Chronic sinusitis is a common disease that effects roughly 12.5% of the US population. Chronic sinusitis symptoms include nasal congestion and obstruction, loss of smell and taste, drainage, fatigue and facial pressure/pain. Many patients with chronic sinusitis also have asthma.
A common misconception about chronic sinusitis is that it is caused solely by an anatomic obstruction or an infection that can be “cured” by an antibiotic or surgery. Chronic sinusitis or chronic rhinosinusitis (CRS) is actually an inflammatory disease similar to asthma or rheumatoid arthritis. It is a complex disease that stimulates an abundance of research to attempt to understand its causes and develop new treatments. The important thing to understand about CRS is there are likely many potential causes both environmental and inherent to the patient. More importantly, there currently is no curative therapy that will eradicate the disease from a patient. The good news is that like so many other chronic diseases, there are effective therapies that can help moderate the disease and, in many cases, give patients normal lives with minimal symptoms. These treatments can include surgery and daily medications.
There is perhaps no more safe and effective therapy for CRS than budesonide irrigations. Oral and topical steroids are very successful in controlling symptoms in CRS patients. Long term oral steroids have severe side effects such as bone loss, alterations in blood sugars, hip fractures and psychosis. Topical steroids are much safer but less effective that oral steroids. Often times they don’t distribute into a patient’s nasal and sinus cavities. In patients who have had thorough surgery to remove polyps or inflamed sinus tissue, sinus irrigations or rinses can effectively penetrate their sinus cavities. High flow saline irrigations such as those used in rinse bottles (link Neilmed?) may more effectively penetrate the sinuses than sprays like those used in over the counter or prescription topical steroids. Budesonide is a topical steroid used in nebulizers that historically was given to asthma patients for inhaled treatment. Budesonide vials can be added to a high flow sinus saline irrigation and used to rinse the sinus cavities with topical steroids. The exciting news is that this therapy is extremely effective in controlling sinus inflammation especially in patients who’ve had sinus surgery1. The dose is no different than in over the counter topical steroids, so it is safe2 but more effective a treating inflammation.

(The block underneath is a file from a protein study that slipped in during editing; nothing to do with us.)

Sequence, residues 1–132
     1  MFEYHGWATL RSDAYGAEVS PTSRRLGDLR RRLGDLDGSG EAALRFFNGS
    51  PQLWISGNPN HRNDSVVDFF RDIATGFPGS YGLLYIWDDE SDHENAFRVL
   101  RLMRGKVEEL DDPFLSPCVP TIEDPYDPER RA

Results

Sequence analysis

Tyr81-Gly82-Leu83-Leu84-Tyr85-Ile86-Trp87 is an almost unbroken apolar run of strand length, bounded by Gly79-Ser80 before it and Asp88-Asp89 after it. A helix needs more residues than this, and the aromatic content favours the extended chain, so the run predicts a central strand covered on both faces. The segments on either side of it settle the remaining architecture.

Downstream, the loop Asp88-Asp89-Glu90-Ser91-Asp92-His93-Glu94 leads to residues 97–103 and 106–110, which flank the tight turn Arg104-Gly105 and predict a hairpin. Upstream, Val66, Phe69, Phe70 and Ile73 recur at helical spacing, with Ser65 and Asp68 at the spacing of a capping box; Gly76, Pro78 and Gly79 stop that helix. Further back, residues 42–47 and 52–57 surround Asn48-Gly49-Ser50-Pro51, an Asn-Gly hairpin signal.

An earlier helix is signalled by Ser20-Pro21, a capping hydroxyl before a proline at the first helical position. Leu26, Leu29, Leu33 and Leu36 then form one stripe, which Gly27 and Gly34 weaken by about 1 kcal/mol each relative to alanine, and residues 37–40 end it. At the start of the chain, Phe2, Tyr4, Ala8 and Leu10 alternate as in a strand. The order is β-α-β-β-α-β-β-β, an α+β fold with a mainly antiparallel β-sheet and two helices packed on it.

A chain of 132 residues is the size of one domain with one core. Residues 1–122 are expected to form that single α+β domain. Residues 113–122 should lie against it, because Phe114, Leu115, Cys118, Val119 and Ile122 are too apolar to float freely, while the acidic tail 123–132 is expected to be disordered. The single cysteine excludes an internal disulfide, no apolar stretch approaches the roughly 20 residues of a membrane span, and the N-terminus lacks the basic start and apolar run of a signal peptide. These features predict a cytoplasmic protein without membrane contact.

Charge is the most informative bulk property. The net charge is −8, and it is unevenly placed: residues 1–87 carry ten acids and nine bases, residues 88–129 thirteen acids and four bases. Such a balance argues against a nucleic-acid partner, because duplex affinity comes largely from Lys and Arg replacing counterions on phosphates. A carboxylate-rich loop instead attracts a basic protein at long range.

CRS patients who have had surgery and are compliant with their budesonide irrigations (use it daily) have an excellent chance of minimizing or eliminating their symptoms. In our experience, this therapy has dramatically reduced the need for revision surgery in compliant CRS patients.
1. Snidvongs K, Pratt E, Chin D, Sacks R, Earls P, Harvey RJ. Corticosteroid nasal irrigations after endoscopic sinus surgery in the management of chronic rhinosinusitis. Int Forum Allergy Rhinol. 2012 Sep-Oct;2(5):415-21.
2. Welch KC, Thaler ER, Doghramji LL, Palmer JN, Chiu AG.The effects of serum and urinary cortisol levels of topical intranasal irrigations with budesonide added to saline in patients with recurrent polyposis after endoscopic sinus surgery. Am J Rhinol Allergy. 2010 Jan-Feb;24(1):26-8.